In a “60 Minutes” interview, the president dismissed the suggestion that America owes Iraq an apology for not securing the country after the invasion, saying instead that Iraqis owe America “a huge debt of gratitude” for our efforts.
Partial transcript from CBS News:
In his speech, the president mentioned that mistakes had been made. Asked what mistakes he was talking about, Bush tells Pelley, “Abu Ghraib was a mistake. Using bad language like, you know, ‘Bring them on’ was a mistake. I think history is gonna look back and see a lot of ways we could have done things better. No question about it.”
“The troop levels…,” Pelley remarks.
“Could have been a mistake. I…,” the president replies.
“Were not—could have been a mistake?” Pelley asks.
“Yeah. And the reason I brought up the mistakes is, one, that’s the job of the commander-in-chief; and, two, I don’t want people blaming our military. We got a bunch of good military people out there doing what we’ve asked them to do. And the temptation is gonna be to find scapegoats. Well, if the people want a scapegoat, they got one right here in me ‘cause it’s my decisions,” Bush says.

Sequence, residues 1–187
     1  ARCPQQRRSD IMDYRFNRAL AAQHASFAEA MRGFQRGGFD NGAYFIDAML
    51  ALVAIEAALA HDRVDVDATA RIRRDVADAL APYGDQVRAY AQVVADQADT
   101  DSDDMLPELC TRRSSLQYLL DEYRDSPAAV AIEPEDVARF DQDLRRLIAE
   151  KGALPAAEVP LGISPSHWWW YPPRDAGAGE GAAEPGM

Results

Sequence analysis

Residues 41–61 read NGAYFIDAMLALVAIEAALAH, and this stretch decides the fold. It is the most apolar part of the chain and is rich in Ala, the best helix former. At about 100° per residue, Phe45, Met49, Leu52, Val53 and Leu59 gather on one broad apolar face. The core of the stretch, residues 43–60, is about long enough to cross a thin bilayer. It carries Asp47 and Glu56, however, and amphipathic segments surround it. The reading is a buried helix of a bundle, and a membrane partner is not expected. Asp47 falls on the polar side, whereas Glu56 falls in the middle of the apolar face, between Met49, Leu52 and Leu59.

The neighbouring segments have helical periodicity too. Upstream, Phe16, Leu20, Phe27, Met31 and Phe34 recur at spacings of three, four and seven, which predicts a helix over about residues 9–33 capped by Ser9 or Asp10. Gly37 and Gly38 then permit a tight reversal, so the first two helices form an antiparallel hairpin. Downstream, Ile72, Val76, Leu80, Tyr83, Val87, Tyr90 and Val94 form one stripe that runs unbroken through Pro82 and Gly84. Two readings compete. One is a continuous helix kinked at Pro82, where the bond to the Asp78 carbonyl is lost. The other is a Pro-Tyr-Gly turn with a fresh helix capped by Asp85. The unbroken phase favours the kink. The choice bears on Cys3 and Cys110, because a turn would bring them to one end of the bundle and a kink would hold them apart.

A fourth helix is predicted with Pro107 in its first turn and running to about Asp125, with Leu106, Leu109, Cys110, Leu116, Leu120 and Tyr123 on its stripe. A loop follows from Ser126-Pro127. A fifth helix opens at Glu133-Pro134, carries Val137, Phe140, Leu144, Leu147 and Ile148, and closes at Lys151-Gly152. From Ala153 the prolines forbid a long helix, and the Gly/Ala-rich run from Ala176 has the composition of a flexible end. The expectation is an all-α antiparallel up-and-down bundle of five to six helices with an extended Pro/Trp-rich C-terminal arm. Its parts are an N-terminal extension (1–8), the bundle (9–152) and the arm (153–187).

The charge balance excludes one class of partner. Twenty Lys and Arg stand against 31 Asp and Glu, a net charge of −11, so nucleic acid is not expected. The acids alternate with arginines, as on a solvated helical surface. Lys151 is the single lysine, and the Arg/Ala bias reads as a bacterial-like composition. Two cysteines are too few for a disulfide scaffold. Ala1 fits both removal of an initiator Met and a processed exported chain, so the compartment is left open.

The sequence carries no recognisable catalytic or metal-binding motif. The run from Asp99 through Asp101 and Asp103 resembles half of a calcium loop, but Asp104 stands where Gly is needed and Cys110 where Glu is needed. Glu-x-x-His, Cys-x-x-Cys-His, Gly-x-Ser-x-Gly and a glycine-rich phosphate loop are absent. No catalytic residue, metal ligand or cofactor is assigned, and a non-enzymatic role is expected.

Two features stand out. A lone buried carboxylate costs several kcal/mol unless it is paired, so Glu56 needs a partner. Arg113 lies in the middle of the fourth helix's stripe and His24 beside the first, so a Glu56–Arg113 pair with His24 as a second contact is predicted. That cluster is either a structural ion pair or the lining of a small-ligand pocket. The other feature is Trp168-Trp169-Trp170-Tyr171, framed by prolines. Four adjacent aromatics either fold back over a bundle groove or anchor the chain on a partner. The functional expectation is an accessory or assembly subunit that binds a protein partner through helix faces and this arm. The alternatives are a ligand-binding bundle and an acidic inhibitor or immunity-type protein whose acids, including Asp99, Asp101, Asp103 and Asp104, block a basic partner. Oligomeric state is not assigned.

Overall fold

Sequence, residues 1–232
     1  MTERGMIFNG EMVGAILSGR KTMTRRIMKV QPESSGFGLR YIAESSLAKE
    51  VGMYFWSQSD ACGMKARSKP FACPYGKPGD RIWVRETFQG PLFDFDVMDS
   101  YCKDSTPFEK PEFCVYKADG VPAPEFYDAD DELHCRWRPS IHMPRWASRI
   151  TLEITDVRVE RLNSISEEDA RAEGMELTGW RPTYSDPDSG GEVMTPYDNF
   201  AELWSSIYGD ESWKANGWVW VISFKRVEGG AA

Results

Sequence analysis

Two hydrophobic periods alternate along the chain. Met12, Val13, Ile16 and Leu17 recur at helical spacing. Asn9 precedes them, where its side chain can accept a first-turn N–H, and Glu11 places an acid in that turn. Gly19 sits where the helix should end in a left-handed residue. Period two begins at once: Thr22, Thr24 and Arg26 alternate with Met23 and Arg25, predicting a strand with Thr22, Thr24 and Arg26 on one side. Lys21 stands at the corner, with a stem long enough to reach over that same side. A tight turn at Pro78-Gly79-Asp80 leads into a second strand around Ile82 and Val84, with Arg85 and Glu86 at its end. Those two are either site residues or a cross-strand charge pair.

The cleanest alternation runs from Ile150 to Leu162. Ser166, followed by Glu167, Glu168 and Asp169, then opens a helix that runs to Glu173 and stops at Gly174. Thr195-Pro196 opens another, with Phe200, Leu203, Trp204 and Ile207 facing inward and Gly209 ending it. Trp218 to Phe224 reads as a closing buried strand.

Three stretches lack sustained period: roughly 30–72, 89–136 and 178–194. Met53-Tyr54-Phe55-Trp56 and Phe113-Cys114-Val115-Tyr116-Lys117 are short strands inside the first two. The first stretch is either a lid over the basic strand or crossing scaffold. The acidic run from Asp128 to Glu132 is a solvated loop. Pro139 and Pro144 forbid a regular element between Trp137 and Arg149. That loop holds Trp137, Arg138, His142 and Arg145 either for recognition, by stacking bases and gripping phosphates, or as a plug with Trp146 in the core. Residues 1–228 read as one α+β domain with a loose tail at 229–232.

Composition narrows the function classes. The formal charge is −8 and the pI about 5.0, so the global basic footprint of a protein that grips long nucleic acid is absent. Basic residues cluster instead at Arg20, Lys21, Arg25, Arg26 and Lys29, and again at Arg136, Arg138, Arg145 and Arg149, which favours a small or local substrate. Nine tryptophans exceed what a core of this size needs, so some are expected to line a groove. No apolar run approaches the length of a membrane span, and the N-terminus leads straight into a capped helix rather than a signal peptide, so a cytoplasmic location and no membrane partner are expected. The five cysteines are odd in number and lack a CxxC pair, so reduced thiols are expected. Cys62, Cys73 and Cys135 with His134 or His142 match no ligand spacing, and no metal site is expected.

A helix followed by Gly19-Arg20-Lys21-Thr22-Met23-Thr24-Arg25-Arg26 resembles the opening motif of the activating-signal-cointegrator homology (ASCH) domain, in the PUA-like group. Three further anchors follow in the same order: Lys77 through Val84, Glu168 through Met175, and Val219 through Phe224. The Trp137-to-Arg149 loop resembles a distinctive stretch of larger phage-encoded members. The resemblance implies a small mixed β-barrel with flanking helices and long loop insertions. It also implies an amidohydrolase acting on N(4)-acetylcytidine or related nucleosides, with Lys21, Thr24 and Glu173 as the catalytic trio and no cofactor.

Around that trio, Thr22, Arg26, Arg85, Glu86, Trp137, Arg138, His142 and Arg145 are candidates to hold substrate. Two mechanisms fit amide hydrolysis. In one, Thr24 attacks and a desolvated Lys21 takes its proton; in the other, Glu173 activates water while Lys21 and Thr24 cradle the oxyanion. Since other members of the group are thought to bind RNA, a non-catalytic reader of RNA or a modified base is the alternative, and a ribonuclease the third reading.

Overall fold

“Fair to say there were not enough American troops on the ground to provide security for Iraq?” Pelley asks.
“There’s not enough troops on the ground right now to provide security for Iraq. And that’s why I made the decision I made,” Bush replies.
Asked if he thinks he owes the Iraqi people an apology for not doing a better job, Bush says, “Well I don’t, that we didn’t do a better job or they didn’t do a better job?”
“Well, that the United States did not do a better job in providing security after the invasion?” Pelley clarifies.
“Not at all. I think I am proud of the efforts we did. We liberated that country from a tyrant. I think the Iraqi people owe the American people a huge debt of gratitude. That’s the problem here in America. They wonder whether or not there is a gratitude level that’s significant enough in Iraq,” Bush replies.